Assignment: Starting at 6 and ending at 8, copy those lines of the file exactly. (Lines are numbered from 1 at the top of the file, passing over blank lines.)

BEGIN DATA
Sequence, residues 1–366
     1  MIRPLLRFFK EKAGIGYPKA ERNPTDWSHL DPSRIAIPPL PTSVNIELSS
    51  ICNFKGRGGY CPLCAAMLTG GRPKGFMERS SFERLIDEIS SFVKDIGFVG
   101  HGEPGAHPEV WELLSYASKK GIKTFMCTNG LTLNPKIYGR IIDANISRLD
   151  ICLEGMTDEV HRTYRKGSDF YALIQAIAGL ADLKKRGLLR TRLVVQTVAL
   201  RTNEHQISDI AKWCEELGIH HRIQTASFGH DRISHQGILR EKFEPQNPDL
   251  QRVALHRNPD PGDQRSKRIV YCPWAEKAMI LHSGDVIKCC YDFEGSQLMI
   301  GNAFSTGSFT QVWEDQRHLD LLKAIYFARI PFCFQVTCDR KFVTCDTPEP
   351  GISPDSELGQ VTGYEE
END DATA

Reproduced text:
   201  RTNEHQISDI AKWCEELGIH HRIQTASFGH DRISHQGILR EKFEPQNPDL
   251  QRVALHRNPD PGDQRSKRIV YCPWAEKAMI LHSGDVIKCC YDFEGSQLMI
   301  GNAFSTGSFT QVWEDQRHLD LLKAIYFARI PFCFQVTCDR KFVTCDTPEP